The scene pictures early fears, but not the full shock and horror after people started dying, as captured by poet Eileen Myles in ”Moving”, a chapter from her novel Inferno. It’s beautiful, and lonely. “I came to understand that I was now explaining the world to a sad child which was me” she read, “and I would find her things and try to make a story for her out of what I picked up.” To that end, “Moving” presents a glazed-over disconnect from finality, as told by a sleepwalker mulling over memories:
Paul died when everyone did, of AIDS. I had learned about it in Nan’s video at the Whitney. Someone just casually said it, walking down Commercial. Now everyone’s dead—Paul Johnson …I felt I was here to visit him. I remembered seeing him so long ago in Cambridge. He was driving a cab. He told me about P-town and he just looked manly and large. Like that was pleasant for him. It seemed like he was “just working”—isn’t that throwing your life away, I thought.
But in fact he was fishing and having sex and then he left P-town for law school and fought for tenant’s rights. In college he was a skinny fag. In college he was bi.
There’s no great closer to that thought, which seems to be the point. The chapter contemplates endings–to relationships, poems, trips, lives–which you can imagine might be a fixation, watching your friends disappear. Myles even interrupted herself to add: ”That’s what’s so weird about time, when I think about the nineties or the eighties, I was feeling old. And then like twenty years passed, and I’m like, so what is this?” And then the chapter itself contained several false pauses before Myles finally put the book down. When she did, though, you’d want to let that moment land.
But soon, sundown became an after-hours party, and the audience doubled just in time for Kembra Pfahler. She and her Voluptuous Horror girls staged a very early performance, which, you can guess from Cynthia Carr’s catalog essay, is a Kurtti-less version of a pre-Voluptuous Horror collaboration. Carr describes a night at the Pyramid Club, where they climbed into a raised black box; Gordon spewed down from Kembra’s legs, showered in thirty raw eggs. At the time, Pfahler explains, “We were beginning our lives again as artists.”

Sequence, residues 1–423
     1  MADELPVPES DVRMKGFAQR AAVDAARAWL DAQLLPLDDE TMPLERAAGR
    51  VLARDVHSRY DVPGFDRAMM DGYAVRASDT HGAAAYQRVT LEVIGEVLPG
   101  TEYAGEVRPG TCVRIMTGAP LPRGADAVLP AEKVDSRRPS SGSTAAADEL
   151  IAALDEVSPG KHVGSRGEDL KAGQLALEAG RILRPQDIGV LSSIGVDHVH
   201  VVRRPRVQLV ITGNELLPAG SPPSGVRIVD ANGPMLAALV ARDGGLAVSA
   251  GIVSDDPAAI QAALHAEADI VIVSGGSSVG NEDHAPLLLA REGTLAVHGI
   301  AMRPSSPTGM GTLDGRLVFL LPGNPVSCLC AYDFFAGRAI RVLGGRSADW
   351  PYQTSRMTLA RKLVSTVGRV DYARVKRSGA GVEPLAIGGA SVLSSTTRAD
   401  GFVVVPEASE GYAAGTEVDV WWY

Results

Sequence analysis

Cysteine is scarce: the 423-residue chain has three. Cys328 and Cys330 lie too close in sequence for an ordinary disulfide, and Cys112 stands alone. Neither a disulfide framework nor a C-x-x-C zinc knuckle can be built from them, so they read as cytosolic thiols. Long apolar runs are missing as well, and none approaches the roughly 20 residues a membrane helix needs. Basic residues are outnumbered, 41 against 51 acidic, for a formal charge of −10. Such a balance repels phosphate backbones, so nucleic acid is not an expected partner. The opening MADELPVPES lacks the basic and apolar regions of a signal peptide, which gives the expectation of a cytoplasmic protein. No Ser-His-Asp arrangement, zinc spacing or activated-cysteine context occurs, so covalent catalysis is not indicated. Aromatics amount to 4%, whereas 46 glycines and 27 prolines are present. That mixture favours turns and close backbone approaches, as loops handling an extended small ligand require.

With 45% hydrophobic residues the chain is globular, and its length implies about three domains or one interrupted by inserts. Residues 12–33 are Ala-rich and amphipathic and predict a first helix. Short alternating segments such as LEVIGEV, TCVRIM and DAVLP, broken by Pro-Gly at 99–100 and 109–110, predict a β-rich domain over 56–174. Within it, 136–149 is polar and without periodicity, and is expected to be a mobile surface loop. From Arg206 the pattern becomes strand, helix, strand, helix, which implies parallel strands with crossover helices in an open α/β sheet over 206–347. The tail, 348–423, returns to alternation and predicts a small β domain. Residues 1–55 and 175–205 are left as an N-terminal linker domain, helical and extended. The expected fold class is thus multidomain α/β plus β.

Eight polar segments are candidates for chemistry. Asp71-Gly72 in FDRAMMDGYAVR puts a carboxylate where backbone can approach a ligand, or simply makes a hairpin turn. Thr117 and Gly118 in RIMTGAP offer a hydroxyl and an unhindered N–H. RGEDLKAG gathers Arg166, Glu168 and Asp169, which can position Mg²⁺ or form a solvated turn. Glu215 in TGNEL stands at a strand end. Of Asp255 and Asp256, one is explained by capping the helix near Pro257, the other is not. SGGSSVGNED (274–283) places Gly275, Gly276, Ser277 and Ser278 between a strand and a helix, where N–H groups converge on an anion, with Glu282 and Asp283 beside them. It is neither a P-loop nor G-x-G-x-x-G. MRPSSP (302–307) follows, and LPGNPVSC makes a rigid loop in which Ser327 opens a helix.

This version had the Karen Black girls dressed in cardboard sunhats and checkered onesies, marching in with “1984” picket signs to a high school musical-like piano verse. The piano turned into a drumbeat, and again, performers crawled up into a raised black box. This time, they swung their legs down and chanted “Availabism is: making the best use of what’s a-v-aaai-la-ble,” a statement of Pfahler and Kurtti’s DIY philosophy. Like anyone taking their first steps, and without a climax, the legs dangled awkwardly. The show ended abruptly with a “Yeah, that’s it”, wrapping up the night, perfectly, with another unceremonious ending.